If you are an active NY-area angel (or know someone who is) and would like to be profiled for AlleyWatch, please contact me here. 

Angel Profile: Mark Wachen

alleywatch-logoNote: Angel Profiles is a bi-weekly column appearing on AlleyWatch.  Here’s the original article.

Angel At A Glance-Mark Wachen

Mark Wachen is the Managing Director for DreamIt Ventures New York and the Managing Director and Founder of Upstage Ventures.

What got you into angel investing?
Mostly my experience with my own company, Optimost. [Acquired by Interwoven, which was in turn acquired Autonomy Corporation, which was bought by HP].  When I started that company, I raised some angel money.  The role that those initial angels played was instrumental to the company’s success.  The ability to contribute that same experience to other entrepreneurs to me is intrinsically valuable.  Also, I am a big booster of the New York tech scene, and one of the key reasons for its growth in recent years has been the much stronger group of angels and the early seed money that is now available.  It really helped ignite the whole thing.  Like Bruce Springsteen says, “You can’t start a fire without a spark.”  Angel investing is the spark that gets the whole thing going.

Certainly I hope there will be real economic returns from my angel investing but that’s not the only motivation.

What was your first angel investment and how did it turn out?
The first one was a company called Order Groove.  They are basically a subscription commerce platform allowing eCommerce sites to offer recurring orders-of-the-month club functionality to their websites.  I invested in 2009 and they are doing really well.  They just raised a Series B round and have clients like L’Oreal, Jockey, Johnson & Johnson, Grainger, and others.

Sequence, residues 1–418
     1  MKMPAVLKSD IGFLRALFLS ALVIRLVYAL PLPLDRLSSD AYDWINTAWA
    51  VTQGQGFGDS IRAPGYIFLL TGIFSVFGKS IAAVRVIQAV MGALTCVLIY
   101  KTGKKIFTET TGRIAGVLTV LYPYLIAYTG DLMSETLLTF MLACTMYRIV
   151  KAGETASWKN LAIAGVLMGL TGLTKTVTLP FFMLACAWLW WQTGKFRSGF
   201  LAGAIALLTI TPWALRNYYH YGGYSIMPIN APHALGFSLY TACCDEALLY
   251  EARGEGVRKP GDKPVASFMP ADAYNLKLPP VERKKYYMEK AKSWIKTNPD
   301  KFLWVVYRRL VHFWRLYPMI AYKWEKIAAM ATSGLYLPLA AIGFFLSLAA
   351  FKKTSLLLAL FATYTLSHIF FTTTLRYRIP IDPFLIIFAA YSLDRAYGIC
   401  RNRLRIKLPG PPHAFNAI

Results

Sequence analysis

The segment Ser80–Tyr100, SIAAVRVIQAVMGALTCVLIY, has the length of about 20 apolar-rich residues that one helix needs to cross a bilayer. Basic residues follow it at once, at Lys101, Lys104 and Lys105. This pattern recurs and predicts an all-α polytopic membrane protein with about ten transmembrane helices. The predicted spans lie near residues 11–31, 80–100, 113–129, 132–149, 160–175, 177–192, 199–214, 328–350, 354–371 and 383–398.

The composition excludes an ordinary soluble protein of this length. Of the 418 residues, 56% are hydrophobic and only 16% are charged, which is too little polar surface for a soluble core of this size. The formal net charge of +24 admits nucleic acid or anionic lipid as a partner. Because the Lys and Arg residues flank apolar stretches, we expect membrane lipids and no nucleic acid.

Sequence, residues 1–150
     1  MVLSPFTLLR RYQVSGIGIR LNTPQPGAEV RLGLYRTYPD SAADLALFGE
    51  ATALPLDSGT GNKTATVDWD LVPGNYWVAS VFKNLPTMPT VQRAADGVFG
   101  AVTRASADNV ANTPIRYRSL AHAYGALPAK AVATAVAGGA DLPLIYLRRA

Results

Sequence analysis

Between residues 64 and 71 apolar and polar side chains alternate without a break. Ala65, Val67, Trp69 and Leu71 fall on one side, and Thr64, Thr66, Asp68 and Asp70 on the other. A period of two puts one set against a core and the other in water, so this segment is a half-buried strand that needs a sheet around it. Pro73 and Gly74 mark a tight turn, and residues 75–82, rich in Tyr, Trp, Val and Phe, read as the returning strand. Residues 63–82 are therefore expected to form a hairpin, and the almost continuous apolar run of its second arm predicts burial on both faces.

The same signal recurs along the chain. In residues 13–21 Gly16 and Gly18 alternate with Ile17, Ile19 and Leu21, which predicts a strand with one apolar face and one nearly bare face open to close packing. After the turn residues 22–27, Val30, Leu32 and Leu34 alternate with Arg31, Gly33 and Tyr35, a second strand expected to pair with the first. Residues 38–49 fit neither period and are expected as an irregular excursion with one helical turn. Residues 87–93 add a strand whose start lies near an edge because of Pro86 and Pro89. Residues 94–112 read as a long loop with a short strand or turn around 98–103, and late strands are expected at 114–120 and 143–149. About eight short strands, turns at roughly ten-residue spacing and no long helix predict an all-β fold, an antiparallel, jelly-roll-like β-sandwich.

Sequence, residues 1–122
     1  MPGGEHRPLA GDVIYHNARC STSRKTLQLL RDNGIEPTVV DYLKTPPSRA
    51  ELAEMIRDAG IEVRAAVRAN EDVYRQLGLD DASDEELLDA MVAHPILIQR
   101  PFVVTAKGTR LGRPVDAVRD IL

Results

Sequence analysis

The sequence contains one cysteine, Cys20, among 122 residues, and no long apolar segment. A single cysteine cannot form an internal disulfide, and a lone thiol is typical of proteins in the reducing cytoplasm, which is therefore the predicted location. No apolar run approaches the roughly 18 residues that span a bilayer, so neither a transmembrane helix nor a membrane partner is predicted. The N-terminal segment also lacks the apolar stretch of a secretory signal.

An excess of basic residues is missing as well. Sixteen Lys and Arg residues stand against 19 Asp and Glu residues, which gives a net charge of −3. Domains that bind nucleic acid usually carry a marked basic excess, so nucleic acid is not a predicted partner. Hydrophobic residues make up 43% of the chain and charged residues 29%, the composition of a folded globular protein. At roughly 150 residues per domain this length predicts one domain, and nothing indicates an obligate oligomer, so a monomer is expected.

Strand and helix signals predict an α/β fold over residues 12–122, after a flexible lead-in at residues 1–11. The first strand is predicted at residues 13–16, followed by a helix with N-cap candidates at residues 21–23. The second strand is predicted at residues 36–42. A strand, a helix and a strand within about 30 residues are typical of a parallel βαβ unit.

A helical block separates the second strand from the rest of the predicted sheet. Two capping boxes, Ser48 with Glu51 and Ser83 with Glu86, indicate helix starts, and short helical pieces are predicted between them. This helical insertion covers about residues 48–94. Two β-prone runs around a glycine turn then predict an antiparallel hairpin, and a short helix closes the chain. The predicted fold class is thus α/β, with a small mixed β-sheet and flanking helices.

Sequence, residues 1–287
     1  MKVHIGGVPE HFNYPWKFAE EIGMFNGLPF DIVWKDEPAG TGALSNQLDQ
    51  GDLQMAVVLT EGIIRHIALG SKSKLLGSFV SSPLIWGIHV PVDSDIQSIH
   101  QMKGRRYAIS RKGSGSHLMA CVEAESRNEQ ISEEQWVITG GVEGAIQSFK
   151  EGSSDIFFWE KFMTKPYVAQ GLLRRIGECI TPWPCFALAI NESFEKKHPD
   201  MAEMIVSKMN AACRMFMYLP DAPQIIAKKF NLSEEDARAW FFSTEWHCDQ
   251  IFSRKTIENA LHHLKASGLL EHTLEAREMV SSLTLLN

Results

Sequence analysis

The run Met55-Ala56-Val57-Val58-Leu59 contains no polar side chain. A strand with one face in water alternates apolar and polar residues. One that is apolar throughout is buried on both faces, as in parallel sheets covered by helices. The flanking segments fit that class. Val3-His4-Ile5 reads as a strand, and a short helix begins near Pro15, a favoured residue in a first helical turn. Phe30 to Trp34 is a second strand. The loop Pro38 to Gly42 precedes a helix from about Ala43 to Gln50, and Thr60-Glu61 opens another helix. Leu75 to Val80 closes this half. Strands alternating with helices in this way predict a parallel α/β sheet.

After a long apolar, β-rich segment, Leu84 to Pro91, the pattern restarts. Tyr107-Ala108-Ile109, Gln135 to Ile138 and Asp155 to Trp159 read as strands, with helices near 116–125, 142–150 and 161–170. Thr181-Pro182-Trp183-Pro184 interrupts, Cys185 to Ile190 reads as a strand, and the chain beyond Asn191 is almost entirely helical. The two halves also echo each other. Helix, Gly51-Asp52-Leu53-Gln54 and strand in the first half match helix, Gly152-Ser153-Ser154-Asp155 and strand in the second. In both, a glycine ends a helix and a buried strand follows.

It really resonated with me because they faced some of the same challenges I faced in the early days of Optimost.  Early on they faced the question, “Why can’t companies just build this themselves?”  What I’ve learned from my own experience is that, while probably anyone can build anything with enough time and resources, none of these big companies have the time or focus to do it.  So if you can provide a critically valuable service, they will gladly pay to have someone else provide it.

What investment do you most want to brag about?
(laughs) It’s hard to say who your favorite child is.  I guess I have to pat myself on the back that virtually all of my angel investments are still in business.  I consider that an accomplishment.

One that I think is particularly interesting is YouNow.  They are a next generation, interactive television platform.  There offer a huge variety of channels where people perform for a minute and the audience votes thumbs-up / thumbs-down.  If the performer gets enough votes, he gets another minute.